There are a lot of drones at the Las Vegas Consumer Electronics Show. So many, in fact, that they warrant their own UAV section. But the most compelling drone we saw was the Trace FLYR1, a $500 unit with pro-level functions.
First, like a doggedly persistent pet, it follows you everywhere. Its job is to film you doing awesome things—no cameraperson needed. How this works is the really cool part. Most similar systems rely on a signal from another device (say, your smartphone), but interference or a dead battery can sever the connection.
Trace had a better idea. To set up the FLYR1, the user takes a selfie that the drone’s 1080p camera then encodes. Once the photo is stored in its memory, you become the drone’s master and it identifies you as Adventure Film Subject-in-Chief.
The FLYR1 also has an auto-return system. When its batteries are low, it will fly back to the spot you designated as “home.” One less issue for you to worry about as you capture awesome action footage.
Speaking of footage, once you’re done filming, the FLYR1 streams the video to your phone. (If you have a strong enough signal, you can also livestream your footage directly to the web.)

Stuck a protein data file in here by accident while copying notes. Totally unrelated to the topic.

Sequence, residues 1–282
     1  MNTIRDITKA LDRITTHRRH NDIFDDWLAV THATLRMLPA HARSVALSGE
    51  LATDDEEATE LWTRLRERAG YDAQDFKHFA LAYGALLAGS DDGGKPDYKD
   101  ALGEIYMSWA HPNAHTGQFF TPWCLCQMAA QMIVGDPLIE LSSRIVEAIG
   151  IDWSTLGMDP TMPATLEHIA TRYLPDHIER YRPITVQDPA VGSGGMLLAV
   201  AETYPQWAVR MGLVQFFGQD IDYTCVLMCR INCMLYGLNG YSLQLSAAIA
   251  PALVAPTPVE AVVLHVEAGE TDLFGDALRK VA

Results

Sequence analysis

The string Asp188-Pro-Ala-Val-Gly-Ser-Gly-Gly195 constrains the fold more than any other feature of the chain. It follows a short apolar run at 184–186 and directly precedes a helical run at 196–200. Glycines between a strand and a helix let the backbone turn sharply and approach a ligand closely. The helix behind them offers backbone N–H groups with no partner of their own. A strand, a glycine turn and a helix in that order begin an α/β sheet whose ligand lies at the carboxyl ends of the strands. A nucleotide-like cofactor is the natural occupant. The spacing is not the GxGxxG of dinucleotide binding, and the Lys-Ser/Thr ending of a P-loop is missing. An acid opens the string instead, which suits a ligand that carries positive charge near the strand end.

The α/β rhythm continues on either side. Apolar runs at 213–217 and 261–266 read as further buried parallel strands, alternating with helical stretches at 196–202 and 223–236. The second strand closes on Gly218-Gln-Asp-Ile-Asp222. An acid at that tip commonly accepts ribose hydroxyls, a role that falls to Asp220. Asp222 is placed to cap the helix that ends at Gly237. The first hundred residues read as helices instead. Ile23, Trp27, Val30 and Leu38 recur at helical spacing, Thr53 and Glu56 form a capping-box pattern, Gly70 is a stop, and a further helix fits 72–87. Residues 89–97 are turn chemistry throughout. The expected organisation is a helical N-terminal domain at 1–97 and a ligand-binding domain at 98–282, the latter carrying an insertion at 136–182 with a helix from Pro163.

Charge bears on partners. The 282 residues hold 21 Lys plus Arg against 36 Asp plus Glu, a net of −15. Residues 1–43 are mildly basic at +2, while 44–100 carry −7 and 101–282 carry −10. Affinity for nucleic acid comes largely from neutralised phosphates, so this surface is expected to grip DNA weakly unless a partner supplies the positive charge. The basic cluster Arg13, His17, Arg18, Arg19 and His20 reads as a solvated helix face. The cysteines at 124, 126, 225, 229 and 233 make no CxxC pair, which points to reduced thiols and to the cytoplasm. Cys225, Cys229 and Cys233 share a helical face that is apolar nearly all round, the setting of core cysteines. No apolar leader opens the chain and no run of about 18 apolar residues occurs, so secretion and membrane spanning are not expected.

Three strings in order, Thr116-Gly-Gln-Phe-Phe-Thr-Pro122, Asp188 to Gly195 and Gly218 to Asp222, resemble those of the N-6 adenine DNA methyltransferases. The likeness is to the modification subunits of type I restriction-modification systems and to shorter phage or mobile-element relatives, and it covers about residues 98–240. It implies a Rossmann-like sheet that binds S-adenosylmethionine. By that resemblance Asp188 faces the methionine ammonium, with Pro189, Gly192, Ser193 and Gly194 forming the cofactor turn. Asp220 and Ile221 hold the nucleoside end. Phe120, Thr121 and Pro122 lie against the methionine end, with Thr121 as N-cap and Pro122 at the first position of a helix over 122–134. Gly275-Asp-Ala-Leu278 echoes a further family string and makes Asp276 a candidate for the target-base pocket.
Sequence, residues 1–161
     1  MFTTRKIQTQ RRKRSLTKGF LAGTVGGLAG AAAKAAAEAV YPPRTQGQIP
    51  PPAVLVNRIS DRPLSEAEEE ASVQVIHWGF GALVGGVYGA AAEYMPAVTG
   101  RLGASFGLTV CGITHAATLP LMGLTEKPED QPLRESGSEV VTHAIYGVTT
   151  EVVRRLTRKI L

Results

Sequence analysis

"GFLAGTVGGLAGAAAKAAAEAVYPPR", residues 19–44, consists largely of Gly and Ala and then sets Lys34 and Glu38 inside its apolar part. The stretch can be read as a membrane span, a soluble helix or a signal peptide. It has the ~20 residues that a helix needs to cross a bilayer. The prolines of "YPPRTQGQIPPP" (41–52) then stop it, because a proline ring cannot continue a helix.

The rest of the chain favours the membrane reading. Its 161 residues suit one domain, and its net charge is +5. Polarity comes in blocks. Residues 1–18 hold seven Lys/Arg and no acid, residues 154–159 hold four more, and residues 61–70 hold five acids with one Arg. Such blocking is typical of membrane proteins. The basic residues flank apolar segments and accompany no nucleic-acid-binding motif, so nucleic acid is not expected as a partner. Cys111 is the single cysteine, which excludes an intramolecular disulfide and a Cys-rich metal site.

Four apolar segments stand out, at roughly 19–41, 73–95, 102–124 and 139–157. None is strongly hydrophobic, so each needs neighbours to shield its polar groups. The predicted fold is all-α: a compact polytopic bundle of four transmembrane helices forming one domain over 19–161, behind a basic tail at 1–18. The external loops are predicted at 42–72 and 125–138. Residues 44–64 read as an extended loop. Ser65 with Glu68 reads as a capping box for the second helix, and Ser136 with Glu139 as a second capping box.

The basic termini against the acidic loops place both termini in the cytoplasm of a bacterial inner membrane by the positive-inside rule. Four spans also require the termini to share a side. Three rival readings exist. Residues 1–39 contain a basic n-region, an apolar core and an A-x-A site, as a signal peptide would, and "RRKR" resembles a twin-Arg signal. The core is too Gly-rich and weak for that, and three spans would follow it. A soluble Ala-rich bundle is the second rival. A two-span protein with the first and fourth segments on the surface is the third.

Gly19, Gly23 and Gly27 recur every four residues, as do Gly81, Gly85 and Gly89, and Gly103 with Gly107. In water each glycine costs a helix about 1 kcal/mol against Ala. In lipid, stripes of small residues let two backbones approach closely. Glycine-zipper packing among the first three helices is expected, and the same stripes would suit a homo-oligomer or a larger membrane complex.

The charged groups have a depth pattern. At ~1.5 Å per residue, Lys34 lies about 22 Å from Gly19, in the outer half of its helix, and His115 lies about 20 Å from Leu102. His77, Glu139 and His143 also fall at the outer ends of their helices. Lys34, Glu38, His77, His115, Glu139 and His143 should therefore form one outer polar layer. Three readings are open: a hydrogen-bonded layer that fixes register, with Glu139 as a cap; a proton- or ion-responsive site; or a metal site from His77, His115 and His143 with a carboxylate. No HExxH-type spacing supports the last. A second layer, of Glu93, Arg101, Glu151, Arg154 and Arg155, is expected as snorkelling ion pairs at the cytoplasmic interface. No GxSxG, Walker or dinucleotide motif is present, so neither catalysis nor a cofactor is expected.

Of course, maybe only one tiny portion of your downhill run was sick—the rest was kind of lame. That’s okay, because the FLYR1 can automatically create your own personal highlight reel comprised of the best footage. How? The drone has an auto-learn function that measures ascent and descent speed, acceleration, and more, and it uses that data to pinpoint—and film—the moments when you’re kicking ass. At least that’s what Trace claims. If the function works as intended, it will drastically reduce editing time.
Battery life will initially be limited to 30 minutes, says Trace. But the batteries will be removable, so you can hot swap to keep the party going. Because Trace views FLYR1 as a stepping-stone, it’s also anticipating ways to change perspectives. For example, a flyer could use a device to tell the drone to follow him from a greater height (good for mountaineering and climbing). Trace is also working on a way to program multiple drones to follow a single user at once.
One final point: Trace says its neither a camera company nor a drone company. It’s a content company. (That should sound familiar to devotees of GoPro Founder and CEO Nick Woodman.) Trace is working on other platforms as well, from auto-follow RC cars and skateboarders to a submersible called the Divr. And, of course, it’s partnering with fitness app makers to develop software to overlay health data (heart rate, watts, pace, etc.) over video.
The FLYR1 will be available late summer.
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